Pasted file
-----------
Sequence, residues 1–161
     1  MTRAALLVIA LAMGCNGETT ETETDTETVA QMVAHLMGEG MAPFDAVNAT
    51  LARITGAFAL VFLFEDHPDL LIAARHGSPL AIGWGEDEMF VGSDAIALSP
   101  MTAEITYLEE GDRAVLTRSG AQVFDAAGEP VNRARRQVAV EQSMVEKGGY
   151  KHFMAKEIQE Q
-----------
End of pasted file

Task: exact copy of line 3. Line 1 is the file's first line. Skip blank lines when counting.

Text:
    51  LARITGAFAL VFLFEDHPDL LIAARHGSPL AIGWGEDEMF VGSDAIALSP